mukti is not considered to be a phalam because it is not the attainment or production of anything new, but only the removal of the wrong notion that one is the BMI. Shri Shankara says in his bhAshya on br.up.4.4.20.:—- jnaanam cha tasmin paraatmabhaavanivr.ttiH eva.——————— iti ubhayam api aviruddham eva.
“The knowledge of Brahman means only the cessation of identification with external things (such as the body, etc). Identity with Brahman is not something which requires to be attained, since it is always there. Everyone is in reality always identical with Brahman, but wrongly considers himself to be something different (due to ignorance). Therefore the scriptures do not enjoin that identity with Brahman should be attained, but only that the false identification with things other than Brahman should be given up.
When the identification with other things (such as the body) is eradicated, the identity with one’s own Self, which is natural, prevails. This is what is meant by the statement that the Self is realized. In itself the Self is unknowable, that is to say it cannot be made the object of any means of knowledge (pramaaNa)”.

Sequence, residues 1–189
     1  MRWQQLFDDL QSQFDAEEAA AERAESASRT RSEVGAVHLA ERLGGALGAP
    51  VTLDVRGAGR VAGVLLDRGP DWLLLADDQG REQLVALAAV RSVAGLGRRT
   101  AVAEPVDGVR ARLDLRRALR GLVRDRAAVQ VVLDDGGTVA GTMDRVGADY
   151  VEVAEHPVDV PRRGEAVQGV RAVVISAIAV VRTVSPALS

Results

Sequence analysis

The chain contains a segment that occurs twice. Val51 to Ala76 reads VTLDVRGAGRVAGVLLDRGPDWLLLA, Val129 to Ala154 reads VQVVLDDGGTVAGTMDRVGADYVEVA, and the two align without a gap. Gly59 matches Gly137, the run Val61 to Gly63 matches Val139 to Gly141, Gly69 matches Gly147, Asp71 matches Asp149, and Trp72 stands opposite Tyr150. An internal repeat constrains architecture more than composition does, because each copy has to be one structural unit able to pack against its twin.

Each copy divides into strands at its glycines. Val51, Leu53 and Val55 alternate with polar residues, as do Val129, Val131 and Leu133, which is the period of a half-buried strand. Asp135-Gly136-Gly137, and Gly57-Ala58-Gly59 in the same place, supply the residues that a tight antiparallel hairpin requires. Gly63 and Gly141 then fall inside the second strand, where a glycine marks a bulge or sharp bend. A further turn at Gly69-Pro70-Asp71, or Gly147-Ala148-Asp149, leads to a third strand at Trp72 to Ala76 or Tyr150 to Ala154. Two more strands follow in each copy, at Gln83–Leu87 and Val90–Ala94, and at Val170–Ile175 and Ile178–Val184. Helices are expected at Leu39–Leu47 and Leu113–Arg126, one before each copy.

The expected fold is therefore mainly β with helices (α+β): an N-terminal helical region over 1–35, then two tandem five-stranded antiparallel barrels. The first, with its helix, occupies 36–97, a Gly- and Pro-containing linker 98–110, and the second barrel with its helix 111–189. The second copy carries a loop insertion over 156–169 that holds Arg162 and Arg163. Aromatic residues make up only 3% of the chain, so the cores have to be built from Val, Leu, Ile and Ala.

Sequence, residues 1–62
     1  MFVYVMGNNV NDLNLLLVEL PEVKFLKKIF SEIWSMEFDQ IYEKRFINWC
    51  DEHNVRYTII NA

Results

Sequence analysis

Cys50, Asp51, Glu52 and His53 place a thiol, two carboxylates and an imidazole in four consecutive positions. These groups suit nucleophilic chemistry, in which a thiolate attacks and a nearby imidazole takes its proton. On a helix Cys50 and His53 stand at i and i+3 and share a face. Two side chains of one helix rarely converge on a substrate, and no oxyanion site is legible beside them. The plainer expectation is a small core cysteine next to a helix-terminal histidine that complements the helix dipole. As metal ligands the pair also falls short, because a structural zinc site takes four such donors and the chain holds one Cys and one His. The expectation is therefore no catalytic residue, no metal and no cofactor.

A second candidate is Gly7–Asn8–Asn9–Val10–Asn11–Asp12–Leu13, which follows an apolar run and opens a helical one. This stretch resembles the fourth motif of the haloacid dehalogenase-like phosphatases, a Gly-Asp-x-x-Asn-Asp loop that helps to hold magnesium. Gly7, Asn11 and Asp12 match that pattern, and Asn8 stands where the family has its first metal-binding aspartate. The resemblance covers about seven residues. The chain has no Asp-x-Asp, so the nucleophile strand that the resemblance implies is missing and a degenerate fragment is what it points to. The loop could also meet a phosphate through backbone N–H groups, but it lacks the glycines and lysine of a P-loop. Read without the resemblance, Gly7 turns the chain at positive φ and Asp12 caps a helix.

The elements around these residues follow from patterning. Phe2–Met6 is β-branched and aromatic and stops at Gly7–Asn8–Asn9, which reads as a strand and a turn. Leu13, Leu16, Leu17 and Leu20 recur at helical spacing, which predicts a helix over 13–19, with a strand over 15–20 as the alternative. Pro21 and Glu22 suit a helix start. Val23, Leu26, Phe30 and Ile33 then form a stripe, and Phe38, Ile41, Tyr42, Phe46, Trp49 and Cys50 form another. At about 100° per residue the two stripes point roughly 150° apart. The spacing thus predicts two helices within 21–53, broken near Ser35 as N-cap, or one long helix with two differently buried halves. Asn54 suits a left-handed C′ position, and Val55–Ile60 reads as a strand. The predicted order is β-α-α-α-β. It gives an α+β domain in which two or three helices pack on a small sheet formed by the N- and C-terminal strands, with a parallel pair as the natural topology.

Thus mukti is not something produced by knowledge and so it is not a phalam. Any phalam has an origin and so will have an end also. But mukti is eternal.
Shri Shankara says in his bhAshya on the brahma sUtra `athAto brahmajij~nAsA’ that only a person who has acquired sAdhanacatuShTayam is eligible to take up inquiry into brahman. Even if one takes up shravaNa, etc, before acquiring these, they will not become effective until he has acquired these four pre-requisites and has made his mind pure and free from all desire. So a person for whom akhaNDAkAra vRitti has arisen should already have acquired the sAdhanacatuShTayam. This is what I have heard from my teachers and this is the generally held view. But VidyAraNYa takes a different view in jIvanmuktiviveka, as you may know. I do not know whether Swami Paramarthananda expresses this view in the reference you have made. But there is no difference of opinion about mukti not being a phalam.
In fact Shri Shankara says that liberation is identical with the Self:–
br.up.3.3.1. bhAshya — na aapyo api aatmasvabhaavatvaat ekatvaat cha.
Liberation is not something to be attained because it is identical with the Self and (the Self) is one (without a second). I am aware that you know all this. I am stating all this only to make this presentation complete and for the benefit of those members who are beginners and may not know these details.”
(Note: Emphasis added by me at some places.
[P.S.: Apologies for making this as a new blog post instead of posting as a Comment at the topic titled, “Knowledge and the Fruit of Knowledge.” I hope the matter will be kept open for review instead of sticking to the “interpretation and explanation provided by Swami P” as said at the twin post of this topic at another forum.”]